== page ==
Senate Republican leaders are trotting out their new, but reeling, health care bill and angling toward a showdown vote next week amid signs that they have lots of work ahead to win over GOP lawmakers or face a resounding failure.
Senate Majority Leader Mitch McConnell, R-Ky., planned to present the revamped measure rolling back much of President Barack Obama’s health care law to GOP senators Thursday. He’s aiming at a do-or-die vote next week on whether to begin debating the bill — a roll call for which he’s got no margin for error.
Since Democrats uniformly oppose the effort, McConnell needs the votes of 50 of the 52 GOP senators to prevail. But conservative Sen. Rand Paul of Kentucky says he’s a “no,” Maine moderate Susan Collins seems all but certain to be opposed and other Republicans are threatening to vote against it if their demands are not met, leaving party leaders struggling to preserve one of their highest-profile priorities.
“It’s going to be a test of our ability to actually embrace progress, even though it’s not perfect,” said No. 2 Senate Republican leader John Cornyn of Texas.
President Donald Trump heaped additional pressure on party leaders Wednesday. In an interview with the Christian Broadcasting Network’s “The 700 Club,” he said he will be “very angry” if the Senate fails to pass the health care measure and said McConnell must “pull it off.”
McConnell’s new bill was expected to offer only modest departures from the original version, which he yanked off the Senate floor two weeks ago to avoid certain defeat at the hands of a broad range of unhappy Republicans.
The reworked measure’s key elements remain easing Obama’s requirements that insurers cover specified services like hospital care and cutting the Medicaid health care program for the poor, disabled and nursing home patients. Obama’s penalties on people who don’t buy coverage would be eliminated and federal health care subsidies would be less generous.
The new package would keep most of the original bill’s Medicaid reductions and eliminate tax increases Obama’s statute imposes on the health care industry. But it would retain Obama tax boosts on upper-income people, and use the revenue to help some lower earners afford coverage, provide $45 billion to help states combat drug abuse and give extra money to some hospitals in states that didn’t use Obama’s law to expand Medicaid.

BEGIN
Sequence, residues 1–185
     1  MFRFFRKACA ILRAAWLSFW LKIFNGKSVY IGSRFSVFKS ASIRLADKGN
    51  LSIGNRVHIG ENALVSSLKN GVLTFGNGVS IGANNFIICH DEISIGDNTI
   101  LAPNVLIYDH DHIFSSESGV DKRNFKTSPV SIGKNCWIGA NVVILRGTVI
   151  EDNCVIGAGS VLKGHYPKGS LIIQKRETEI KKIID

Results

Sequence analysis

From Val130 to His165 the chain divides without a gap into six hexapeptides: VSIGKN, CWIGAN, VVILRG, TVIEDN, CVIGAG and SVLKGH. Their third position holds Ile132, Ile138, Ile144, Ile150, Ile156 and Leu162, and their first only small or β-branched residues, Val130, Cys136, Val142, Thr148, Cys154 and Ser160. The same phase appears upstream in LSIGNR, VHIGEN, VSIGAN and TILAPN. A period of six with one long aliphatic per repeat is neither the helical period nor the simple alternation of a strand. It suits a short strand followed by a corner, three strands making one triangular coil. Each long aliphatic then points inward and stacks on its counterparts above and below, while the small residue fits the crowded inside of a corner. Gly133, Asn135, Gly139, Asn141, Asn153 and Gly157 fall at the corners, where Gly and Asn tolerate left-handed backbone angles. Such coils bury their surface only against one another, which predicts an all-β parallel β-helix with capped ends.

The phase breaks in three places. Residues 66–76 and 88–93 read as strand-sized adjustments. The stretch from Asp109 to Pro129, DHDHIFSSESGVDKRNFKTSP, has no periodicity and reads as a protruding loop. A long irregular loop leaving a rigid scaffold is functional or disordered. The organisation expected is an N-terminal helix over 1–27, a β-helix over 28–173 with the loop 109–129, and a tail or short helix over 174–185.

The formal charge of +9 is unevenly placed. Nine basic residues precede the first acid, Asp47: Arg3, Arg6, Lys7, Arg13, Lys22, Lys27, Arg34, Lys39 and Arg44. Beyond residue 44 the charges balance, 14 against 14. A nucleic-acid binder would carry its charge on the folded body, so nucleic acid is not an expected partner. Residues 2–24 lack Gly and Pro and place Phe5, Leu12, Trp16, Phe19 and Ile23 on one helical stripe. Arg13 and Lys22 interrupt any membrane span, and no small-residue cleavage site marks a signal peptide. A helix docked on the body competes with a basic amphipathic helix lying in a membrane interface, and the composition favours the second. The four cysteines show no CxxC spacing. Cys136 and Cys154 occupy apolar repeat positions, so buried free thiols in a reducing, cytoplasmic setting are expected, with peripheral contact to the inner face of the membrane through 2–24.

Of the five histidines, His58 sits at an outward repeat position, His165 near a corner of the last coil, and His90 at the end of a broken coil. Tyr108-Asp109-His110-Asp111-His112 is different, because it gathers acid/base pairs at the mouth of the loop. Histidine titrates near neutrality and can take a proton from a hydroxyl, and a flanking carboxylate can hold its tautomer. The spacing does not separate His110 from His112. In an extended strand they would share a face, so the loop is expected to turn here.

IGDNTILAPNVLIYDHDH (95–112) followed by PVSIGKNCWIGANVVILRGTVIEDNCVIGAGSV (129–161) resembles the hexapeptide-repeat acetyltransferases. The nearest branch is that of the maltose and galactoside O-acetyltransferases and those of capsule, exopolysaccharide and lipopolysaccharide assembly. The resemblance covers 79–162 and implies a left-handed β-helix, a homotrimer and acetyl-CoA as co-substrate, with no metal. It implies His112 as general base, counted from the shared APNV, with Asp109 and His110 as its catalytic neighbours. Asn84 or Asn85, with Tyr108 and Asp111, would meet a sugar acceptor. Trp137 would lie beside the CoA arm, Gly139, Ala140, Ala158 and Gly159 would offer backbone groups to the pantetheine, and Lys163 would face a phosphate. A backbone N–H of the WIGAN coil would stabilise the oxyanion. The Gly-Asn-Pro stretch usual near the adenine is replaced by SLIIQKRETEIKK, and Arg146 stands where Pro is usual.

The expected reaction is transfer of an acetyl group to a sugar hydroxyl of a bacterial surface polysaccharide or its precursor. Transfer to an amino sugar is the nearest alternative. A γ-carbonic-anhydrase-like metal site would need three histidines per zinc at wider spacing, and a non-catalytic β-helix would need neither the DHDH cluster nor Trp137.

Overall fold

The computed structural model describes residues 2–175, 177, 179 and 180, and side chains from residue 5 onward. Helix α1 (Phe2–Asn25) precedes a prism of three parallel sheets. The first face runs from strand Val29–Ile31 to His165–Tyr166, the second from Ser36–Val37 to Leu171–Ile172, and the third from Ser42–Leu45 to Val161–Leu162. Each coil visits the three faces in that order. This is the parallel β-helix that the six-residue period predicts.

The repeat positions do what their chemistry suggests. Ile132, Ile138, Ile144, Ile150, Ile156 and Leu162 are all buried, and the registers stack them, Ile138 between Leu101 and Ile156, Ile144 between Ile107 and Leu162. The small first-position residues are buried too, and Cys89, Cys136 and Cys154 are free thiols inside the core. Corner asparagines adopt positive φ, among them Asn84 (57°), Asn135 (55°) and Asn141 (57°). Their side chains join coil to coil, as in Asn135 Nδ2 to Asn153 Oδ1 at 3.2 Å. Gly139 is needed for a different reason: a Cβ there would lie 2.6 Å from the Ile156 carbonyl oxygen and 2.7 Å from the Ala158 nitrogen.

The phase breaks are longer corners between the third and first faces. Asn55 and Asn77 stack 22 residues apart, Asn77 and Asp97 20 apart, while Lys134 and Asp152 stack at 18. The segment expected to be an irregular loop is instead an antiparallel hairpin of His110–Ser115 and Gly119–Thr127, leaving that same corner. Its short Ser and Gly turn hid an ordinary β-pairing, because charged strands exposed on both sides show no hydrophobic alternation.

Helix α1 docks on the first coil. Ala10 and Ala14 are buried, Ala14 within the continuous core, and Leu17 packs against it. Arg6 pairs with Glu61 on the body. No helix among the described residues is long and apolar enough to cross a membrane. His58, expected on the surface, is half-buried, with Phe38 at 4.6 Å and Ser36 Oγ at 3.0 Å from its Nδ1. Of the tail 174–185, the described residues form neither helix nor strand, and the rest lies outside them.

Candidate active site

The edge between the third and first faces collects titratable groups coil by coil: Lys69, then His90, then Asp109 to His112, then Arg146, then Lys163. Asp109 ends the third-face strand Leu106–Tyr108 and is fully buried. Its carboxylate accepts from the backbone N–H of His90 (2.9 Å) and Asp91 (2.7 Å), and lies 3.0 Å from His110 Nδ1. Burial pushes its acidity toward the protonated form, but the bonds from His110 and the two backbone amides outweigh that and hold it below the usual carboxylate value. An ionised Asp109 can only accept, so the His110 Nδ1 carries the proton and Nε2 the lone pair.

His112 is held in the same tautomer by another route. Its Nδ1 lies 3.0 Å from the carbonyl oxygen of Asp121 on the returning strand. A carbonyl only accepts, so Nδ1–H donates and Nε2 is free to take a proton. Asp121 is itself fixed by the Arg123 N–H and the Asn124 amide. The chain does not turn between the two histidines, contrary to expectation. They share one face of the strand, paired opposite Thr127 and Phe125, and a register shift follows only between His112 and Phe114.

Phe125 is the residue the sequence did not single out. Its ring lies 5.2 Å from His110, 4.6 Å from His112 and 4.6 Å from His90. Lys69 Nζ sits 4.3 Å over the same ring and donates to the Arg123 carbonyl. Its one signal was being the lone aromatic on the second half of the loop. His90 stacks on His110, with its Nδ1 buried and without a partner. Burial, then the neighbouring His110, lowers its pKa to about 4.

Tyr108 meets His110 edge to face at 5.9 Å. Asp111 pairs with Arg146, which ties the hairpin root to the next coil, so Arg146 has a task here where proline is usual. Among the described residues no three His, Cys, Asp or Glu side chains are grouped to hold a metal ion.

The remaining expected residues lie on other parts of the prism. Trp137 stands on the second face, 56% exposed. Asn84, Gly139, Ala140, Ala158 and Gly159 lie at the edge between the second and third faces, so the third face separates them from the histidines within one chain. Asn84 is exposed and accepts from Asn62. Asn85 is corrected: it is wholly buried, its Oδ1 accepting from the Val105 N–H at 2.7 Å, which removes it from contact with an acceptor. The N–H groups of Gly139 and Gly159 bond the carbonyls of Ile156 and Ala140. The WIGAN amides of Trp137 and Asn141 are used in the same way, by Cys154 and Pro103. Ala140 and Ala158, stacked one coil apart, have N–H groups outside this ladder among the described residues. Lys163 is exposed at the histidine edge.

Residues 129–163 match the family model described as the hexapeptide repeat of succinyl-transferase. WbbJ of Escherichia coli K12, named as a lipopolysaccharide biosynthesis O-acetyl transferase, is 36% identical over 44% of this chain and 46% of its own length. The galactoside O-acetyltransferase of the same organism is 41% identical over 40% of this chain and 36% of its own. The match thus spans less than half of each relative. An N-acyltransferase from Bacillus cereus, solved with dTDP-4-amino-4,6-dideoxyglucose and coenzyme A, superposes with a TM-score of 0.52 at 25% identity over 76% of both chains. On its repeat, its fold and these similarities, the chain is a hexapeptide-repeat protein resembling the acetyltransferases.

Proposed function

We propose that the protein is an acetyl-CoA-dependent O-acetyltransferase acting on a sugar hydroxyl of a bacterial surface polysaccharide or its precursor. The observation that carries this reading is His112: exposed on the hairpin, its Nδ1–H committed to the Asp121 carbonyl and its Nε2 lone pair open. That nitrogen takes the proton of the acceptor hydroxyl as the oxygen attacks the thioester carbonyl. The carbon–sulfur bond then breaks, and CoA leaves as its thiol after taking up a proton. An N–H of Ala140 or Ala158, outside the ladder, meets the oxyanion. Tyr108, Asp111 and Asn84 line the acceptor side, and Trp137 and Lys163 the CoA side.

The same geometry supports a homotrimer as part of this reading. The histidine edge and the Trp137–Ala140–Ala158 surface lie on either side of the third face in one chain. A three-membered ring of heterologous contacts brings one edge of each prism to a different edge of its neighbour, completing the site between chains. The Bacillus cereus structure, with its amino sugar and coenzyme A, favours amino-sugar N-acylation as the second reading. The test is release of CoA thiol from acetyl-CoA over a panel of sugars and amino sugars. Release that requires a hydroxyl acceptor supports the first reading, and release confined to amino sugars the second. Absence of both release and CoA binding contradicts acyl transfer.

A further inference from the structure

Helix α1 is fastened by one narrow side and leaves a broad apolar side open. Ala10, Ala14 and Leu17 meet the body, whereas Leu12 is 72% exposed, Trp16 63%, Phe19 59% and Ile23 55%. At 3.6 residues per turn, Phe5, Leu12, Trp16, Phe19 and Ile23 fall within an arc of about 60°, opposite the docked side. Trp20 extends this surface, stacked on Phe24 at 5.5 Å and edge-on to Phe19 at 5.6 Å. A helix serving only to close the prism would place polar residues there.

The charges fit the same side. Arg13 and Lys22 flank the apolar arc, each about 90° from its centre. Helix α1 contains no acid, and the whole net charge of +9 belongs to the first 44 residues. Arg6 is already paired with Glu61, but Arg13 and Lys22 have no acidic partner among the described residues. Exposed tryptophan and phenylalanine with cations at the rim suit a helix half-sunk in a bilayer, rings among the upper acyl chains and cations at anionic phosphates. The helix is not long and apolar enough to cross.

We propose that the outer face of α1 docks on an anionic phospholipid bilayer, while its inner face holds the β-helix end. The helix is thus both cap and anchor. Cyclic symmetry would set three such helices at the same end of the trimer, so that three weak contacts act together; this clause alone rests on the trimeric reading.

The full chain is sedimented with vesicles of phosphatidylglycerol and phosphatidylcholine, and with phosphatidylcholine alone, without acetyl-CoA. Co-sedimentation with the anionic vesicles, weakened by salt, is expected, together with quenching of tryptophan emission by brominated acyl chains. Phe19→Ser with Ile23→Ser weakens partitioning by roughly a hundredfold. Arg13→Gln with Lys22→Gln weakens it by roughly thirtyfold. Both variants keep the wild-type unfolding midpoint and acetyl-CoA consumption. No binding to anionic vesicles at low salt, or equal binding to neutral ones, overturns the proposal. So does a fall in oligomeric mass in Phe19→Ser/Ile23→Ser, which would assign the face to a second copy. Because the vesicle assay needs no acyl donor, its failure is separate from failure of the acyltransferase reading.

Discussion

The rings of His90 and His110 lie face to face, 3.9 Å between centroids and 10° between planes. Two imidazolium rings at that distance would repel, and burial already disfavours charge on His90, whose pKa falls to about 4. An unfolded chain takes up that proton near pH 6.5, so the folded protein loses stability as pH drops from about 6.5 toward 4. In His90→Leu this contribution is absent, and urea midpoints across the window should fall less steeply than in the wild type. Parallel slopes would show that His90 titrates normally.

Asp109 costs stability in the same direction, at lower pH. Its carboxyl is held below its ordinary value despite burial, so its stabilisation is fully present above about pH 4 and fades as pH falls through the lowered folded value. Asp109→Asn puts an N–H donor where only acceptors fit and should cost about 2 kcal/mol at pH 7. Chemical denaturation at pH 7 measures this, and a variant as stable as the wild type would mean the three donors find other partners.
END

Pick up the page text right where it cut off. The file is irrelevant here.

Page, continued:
Paul told reporters the revised measure has nothing “remotely resembling repeal.”
Collins has long complained the measure will toss millions off coverage. Spokeswoman Annie Clarke said Collins would vote no next week “if the Medicaid cuts remain the same” as those that have been discussed.
Besides Paul and Collins, at least three other Republican senators publicly said they hadn’t decided whether to back McConnell on the initial vote: conservative Sens. Ted Cruz of Texas, Utah’s Mike Lee and Tim Scott of South Carolina.
Cruz and Lee are chief authors of a proposal that would let an insurer sell low-premium, bare-bones policies as long as the company also sold a plan covering all the services — like substance abuse treatment — required by Obama’s law.
Their plan has alienated moderates worried it would mean unaffordable coverage for people with serious medical conditions because healthier people would flock to cheaper, skimpier plans. Party leaders have not determined if the proposal will be in their measure, and there have been talks about altering it to limit premium boosts on full-coverage policies.
“If there are not meaningful protections for consumer freedom that will significantly lower premiums then the bill will not have the votes to go forward,” Cruz told reporters.
Lee has said he wants their proposal in the bill, or something else relaxing Obama’s coverage requirements, for him to support it.
Their proposal endured a blow when the insurance industry’s largest trade group, America’s Health Insurance Plans, said it would lead to “unstable health insurance markets” and said people with serious pre-existing medical conditions could “lose access” to comprehensive or reasonably priced coverage.
Scott said he was still trying to determine if the legislation would help families and consumers with pre-existing medical problems.
Sen. Rob Portman, R-Ohio, who has fought to ease the bill’s Medicaid reductions, has also yet to commit to back the measure next week.
McConnell withdrew an initial package two weeks ago in the face of Republican discord that would have spelled certain defeat.
AP reporters Erica Werner, Jill Colvin, Matthew Daly and Ricardo Alonso-Zaldivar contributed to this report.